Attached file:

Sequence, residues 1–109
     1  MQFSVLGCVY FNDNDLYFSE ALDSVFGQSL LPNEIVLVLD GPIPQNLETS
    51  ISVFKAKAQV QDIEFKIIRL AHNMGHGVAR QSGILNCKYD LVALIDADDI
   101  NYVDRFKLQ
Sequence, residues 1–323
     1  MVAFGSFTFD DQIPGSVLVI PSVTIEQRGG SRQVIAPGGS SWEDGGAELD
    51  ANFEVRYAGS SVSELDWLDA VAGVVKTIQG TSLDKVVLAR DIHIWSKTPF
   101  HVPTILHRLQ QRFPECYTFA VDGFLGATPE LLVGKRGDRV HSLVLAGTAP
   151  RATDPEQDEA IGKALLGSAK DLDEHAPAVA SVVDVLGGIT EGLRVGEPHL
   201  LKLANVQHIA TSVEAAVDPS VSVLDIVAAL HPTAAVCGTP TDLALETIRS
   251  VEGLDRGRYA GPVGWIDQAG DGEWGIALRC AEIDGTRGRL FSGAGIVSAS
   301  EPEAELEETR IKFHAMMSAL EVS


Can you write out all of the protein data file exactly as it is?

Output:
Sequence, residues 1–109
     1  MQFSVLGCVY FNDNDLYFSE ALDSVFGQSL LPNEIVLVLD GPIPQNLETS
    51  ISVFKAKAQV QDIEFKIIRL AHNMGHGVAR QSGILNCKYD LVALIDADDI
   101  NYVDRFKLQ
Sequence, residues 1–323
     1  MVAFGSFTFD DQIPGSVLVI PSVTIEQRGG SRQVIAPGGS SWEDGGAELD
    51  ANFEVRYAGS SVSELDWLDA VAGVVKTIQG TSLDKVVLAR DIHIWSKTPF
   101  HVPTILHRLQ QRFPECYTFA VDGFLGATPE LLVGKRGDRV HSLVLAGTAP
   151  RATDPEQDEA IGKALLGSAK DLDEHAPAVA SVVDVLGGIT EGLRVGEPHL
   201  LKLANVQHIA TSVEAAVDPS VSVLDIVAAL HPTAAVCGTP TDLALETIRS
   251  VEGLDRGRYA GPVGWIDQAG DGEWGIALRC AEIDGTRGRL FSGAGIVSAS
   301  EPEAELEETR IKFHAMMSAL EVS